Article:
Unformatted text preview: employment, mutual benefit organizations, and the Catholic Church that would support the immigrants in the new country. • By the end of the nineteenth century, nativist stereotypes of the “apelike” Irish were giving way to negative stereotypes of southern and eastern European immigrants, especially those who were Catholics and Jews. Italian immigrants were scorned by nativists as dangerous, contemptible, inferior, and disloyal. Popular writers, scholars, and members of Congress warned of the peril of allowing these “inferior” stocks from Europe into the United States; it was held that newer immigrants would make Americans a mongrel race....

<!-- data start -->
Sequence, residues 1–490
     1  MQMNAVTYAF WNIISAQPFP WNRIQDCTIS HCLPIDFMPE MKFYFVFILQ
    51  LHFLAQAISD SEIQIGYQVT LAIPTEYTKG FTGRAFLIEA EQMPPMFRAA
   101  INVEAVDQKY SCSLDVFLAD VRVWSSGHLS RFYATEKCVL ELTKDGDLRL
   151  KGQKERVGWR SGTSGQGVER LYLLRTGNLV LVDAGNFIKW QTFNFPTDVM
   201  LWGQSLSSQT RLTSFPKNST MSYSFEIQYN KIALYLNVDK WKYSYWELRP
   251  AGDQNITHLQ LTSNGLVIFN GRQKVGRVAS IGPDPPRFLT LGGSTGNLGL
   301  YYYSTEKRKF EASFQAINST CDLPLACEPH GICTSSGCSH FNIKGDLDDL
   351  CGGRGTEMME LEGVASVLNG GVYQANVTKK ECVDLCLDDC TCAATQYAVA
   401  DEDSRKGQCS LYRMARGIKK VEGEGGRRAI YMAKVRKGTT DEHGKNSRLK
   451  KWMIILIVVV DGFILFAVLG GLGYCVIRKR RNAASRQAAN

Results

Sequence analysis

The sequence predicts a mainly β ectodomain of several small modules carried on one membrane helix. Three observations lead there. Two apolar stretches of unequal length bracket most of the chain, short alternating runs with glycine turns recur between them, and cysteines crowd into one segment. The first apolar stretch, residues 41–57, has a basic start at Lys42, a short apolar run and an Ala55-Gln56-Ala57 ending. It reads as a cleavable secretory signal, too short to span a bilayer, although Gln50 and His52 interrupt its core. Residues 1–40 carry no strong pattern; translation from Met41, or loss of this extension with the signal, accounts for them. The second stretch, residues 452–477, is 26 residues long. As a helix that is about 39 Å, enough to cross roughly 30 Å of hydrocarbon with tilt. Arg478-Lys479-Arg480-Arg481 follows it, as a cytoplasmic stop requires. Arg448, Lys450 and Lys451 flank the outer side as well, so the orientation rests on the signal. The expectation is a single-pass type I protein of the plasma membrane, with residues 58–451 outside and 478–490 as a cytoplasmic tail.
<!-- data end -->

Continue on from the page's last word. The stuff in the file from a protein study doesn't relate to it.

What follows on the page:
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- Fall '10
- European Union, Immigration to the United States, Italian immigrants